Question 3: Since Hell means eternal separation from God how can you possibly say you would prefer to go there. Don’t you feel you should take hell more seriously, especially as you have a lot of influence over many people?

WILL JESUS RETURN BY 2070?

 

A YouGov/Times poll has just found that only 4% of Britons believe Jesus will return to earth by 2070. This is similar to another YouGov poll in 2010 which found that only 5% of Britons believe the Second Coming would happen before 2050.

However more do believe there will be another world war (28%), there will be a major terrorist attack in the UK involving a nuclear weapon (28%) and that an asteroid will hit earth causing massive loss of life (9%). If they happen, these would all be what Jesus calls “the beginning of birth pains” of the Messiah.

 

Belief that Jesus would return by 2070 came at the bottom of a list of 39 results which also included:

 

The world will face a major energy crisis        71%

China will overtake the United States as the world’s main superpower            59%

Astronauts will land on Mars   48%

We will find evidence of life elsewhere in the universe          42%

The member states of European Union will become one unified country        20%

We will make contact with alien life    15%

The British Monarchy will be abolished          14%

Jesus Christ will return to earth            4%

 

We don’t know when Jesus will return but we should be looking forward to it and speeding its coming (2 Peter3:12). These statistics could encourage people to ignore it.

ISRAEL PROVIDES HOSPITAL TREATMENT FOR INJURED SYRIANS

 

You will probably know that, after years working in Israel, I am deeply concerned about the needs, pain and fears of both Israelis and Palestinians and seek to facilitate informed prayer for them. I am a critical friend of Israel, in the sense that I am concerned about her faults, for her own sake as well as the sake of the Palestinians. One example is the current discussion in Israel about expanding the West Bank settlements, just after the peace talks have re-started.

 

However, Israel gets a bad press and some Christians seem unable to say anything positive about her. In the light of that, how about 13-year-old Zeinah, a Syrian girl, injured in a blast? She regained consciousness in an Israeli hospital. Over 100 injured people, including children, have been transferred to Israeli hospitals for treatment since February 2013. The transportation back and forth is done in complete secrecy – when the patients arrive not even the doctors know much about them, sometimes not even their name or age.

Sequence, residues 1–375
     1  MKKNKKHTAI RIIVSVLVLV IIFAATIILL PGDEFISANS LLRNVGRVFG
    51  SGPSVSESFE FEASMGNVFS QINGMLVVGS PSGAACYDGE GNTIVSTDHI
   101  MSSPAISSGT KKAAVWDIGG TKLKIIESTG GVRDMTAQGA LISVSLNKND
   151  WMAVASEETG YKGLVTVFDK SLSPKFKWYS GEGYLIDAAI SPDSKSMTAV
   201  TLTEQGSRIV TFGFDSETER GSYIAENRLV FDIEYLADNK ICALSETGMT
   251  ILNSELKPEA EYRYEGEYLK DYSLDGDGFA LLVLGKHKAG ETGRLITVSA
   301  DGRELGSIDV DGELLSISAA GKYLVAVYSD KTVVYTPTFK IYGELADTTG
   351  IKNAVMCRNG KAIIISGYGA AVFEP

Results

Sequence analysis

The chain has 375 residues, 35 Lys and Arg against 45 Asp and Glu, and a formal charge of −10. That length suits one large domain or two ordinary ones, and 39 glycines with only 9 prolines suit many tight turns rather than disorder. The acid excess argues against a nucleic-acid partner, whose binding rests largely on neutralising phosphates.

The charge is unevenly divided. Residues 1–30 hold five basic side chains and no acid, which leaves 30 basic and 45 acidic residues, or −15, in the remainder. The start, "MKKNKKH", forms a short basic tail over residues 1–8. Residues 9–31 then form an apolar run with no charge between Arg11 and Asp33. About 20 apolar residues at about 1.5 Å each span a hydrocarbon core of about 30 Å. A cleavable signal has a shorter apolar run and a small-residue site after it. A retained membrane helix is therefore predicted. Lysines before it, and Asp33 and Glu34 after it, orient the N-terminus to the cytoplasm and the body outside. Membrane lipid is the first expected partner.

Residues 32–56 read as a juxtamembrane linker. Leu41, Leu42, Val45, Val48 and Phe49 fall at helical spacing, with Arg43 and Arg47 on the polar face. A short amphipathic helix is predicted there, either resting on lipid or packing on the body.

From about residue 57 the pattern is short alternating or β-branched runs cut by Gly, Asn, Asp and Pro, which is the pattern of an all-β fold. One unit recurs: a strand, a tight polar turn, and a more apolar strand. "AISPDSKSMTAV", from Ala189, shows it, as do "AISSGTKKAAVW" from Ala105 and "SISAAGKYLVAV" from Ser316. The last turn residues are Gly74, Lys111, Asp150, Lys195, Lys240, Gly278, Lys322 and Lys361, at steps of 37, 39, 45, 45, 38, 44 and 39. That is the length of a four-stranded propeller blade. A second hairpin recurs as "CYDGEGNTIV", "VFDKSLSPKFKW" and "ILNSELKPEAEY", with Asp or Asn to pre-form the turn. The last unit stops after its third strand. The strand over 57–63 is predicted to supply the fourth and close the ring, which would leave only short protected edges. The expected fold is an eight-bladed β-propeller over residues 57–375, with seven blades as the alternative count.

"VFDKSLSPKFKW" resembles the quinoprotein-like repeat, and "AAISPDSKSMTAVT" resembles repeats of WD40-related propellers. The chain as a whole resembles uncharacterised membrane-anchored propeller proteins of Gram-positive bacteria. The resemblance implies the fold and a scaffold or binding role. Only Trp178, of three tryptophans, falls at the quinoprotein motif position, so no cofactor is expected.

An Israeli doctor commented: “For the Syrians, we are monsters. On this side of the border, there are monster- Jews. You probably saw some of the propaganda – of Jews cutting pieces of Arabs and eating them, all the blood and stuff. So they grew up on this feeling and their anxiety is even greater, especially if they arrive alone. It’s really heartbreaking to see.”

However Zeinah commented: “Everyone is worried about me and is helping. But I miss my parents and siblings, friends and my country. These doctors saved my life; if I was not cared for, I would not be alive right now.”

In June, one patient arrived with a handwritten note in Arabic from a Syrian doctor asking his Israeli counterparts to save the patient’s life, outlining the previous medical care the injured man had received and thanking the doctors for the help.

 

See the (secular) report in http://www.independent.co.uk/news/world/middle-east/i-lost-consciousness-in-the-blast-when-i-woke-up-i-was-in-a-hospital-in-israel-casualties-of-syrias-war-find-salvation-in-an-unlikely-place-8752933.html

 

When I was working in Jerusalem I became very concerned about the need, pain and fears of both Israelis and Palestinians. My concern for Israelis had predated our move to Israel but I learnt a great deal about the Palestinians whilst we were there. I was CEO of a ministry to Jewish people and became convinced that fostering reconciliation between Jews and Arabs, Israelis and Palestinians was a major spiritual responsibility. Hence I started circulating an email newsletter which seeks to encourage Christians to pray in an informed and unbiased way. During my time as Rector of Christ Church, in the Old City of Jerusalem prayers for reconciliation, justice and peace became very prominent. This did not endear me to some of my more right wing Zionist colleagues and others.